word-forming element referring to the environment and man's relation to it, abstracted from ecology, ecological; attested from 1969.
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anti- 

word-forming element of Greek origin meaning "against, opposed to, opposite of, instead," shortened to ant- before vowels and -h-, from Old French anti- and directly from Latin anti-, from Greek anti (prep.) "over, against, opposite; instead, in the place of; as good as; at the price of; for the sake of; compared with; in opposition to; in return; counter-," from PIE *anti "against," also "in front of, before" (from root *ant- "front, forehead," with derivatives meaning "in front of, before"), which became anti- in Italian (hence antipasto) and French.

It is cognate with Sanskrit anti "over, against," and Old English and- (the first element in answer). A common compounding element in Greek, in some combinations it became anth- for euphonic reasons. It appears in some words in Middle English but was not commonly used in English word formations until modern times. In a few English words (anticipate, antique) it represents Latin ante.

In noun compounds where it has the sense of "opposed to, opposite" (Antichrist, anti-communist) the accent remains on the anti-; in adjectives where it retains its old prepositional sense "against, opposed to," the accent remains on the other element (anti-Christian, anti-slavery).

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a- (1)

prefix or inseparable particle, a conglomerate of various Germanic and Latin elements.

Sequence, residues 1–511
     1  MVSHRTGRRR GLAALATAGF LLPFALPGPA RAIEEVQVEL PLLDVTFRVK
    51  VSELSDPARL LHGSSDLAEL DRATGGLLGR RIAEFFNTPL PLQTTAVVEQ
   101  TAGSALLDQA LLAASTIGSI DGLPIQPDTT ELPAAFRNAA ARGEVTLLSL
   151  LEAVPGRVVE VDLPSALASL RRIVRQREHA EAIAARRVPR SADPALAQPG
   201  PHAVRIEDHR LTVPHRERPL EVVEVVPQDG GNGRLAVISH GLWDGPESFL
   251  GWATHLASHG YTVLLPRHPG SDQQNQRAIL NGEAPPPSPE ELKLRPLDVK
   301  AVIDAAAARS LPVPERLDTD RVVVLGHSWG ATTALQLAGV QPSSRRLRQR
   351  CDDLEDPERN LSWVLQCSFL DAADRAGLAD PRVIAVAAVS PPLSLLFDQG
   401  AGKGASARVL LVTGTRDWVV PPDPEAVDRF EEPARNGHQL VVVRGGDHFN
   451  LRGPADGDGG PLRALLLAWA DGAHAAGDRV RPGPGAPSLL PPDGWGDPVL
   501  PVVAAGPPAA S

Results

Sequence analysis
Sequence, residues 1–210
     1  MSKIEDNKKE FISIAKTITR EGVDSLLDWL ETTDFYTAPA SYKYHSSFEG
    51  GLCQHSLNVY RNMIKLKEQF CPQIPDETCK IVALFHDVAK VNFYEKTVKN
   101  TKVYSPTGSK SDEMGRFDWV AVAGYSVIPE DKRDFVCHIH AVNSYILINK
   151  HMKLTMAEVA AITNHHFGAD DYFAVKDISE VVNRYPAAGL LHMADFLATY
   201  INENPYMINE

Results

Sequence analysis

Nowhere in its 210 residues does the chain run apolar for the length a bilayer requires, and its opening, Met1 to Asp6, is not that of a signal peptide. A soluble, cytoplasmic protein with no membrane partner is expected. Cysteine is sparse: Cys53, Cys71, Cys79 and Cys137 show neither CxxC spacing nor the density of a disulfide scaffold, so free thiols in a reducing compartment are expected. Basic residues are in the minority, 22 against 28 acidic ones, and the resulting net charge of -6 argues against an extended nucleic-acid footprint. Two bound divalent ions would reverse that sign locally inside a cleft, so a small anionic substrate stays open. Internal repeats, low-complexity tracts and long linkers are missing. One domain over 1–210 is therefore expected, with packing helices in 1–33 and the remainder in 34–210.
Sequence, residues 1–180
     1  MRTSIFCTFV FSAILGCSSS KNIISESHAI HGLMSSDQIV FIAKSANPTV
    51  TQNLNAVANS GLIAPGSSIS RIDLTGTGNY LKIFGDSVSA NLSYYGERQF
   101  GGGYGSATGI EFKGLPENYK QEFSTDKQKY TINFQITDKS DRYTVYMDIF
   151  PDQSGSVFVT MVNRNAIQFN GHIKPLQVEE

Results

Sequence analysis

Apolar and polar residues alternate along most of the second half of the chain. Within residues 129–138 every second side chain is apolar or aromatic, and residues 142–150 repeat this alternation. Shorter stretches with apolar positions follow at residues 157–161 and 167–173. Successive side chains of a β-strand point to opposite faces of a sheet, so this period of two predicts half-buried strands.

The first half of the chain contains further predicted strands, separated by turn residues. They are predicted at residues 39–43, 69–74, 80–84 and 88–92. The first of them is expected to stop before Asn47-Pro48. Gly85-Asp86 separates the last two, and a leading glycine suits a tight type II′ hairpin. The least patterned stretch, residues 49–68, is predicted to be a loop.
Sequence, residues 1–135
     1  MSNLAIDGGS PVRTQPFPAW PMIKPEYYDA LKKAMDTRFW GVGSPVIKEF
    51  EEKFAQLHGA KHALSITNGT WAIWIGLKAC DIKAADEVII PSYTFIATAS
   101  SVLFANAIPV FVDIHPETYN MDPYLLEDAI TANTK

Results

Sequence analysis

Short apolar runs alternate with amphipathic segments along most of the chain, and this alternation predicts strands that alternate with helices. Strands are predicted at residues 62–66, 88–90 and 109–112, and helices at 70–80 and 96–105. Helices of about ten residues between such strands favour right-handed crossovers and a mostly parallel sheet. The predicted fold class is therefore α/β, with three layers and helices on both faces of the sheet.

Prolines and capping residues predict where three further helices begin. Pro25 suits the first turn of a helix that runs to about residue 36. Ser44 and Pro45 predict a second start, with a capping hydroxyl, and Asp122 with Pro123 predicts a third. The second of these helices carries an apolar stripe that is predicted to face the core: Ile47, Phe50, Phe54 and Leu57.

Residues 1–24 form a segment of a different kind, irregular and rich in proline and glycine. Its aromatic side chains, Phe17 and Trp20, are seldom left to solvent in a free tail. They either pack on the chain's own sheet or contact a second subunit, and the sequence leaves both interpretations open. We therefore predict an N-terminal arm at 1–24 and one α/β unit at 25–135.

In words derived from Old English, it commonly represents Old English an "on, in, into" (see on (prep.)), as in alive, above, asleep, aback, abroad, afoot, ashore, ahead, abed, aside, obsolete arank "in rank and file," etc., forming adjectives and adverbs from nouns, with the notion "in, at; engaged in." In this use it is identical to a (2).

It also can represent Middle English of (prep.) "off, from," as in anew, afresh, akin, abreast. Or it can be a reduced form of the Old English past participle prefix ge-, as in aware.

Or it can be the Old English intensive a-, originally ar- (cognate with German er- and probably implying originally "motion away from"), as in abide, arise, awake, ashamed, marking a verb as momentary, a single event. Such words sometimes were refashioned in early modern English as though the prefix were Latin (accursed, allay, affright are examples).

In words from Romanic languages, often it represents reduced forms of Latin ad "to, toward; for" (see ad-), or ab "from, away, off" (see ab-); both of which by about 7c. had been reduced to a in the ancestor of Old French. In a few cases it represents Latin ex.

[I]t naturally happened that all these a- prefixes were at length confusedly lumped together in idea, and the resultant a- looked upon as vaguely intensive, rhetorical, euphonic, or even archaic, and wholly otiose. [OED]
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pur- 

Middle English and Anglo-French perfective prefix, corresponding to Old French por-, pur- (Modern French pour), from Vulgar Latin *por-, a variant of Latin pro "before, for" (see pro-). This is the earliest form of the prefix in English, and it is retained in some words, but in others it has been corrected to Latinate pro-.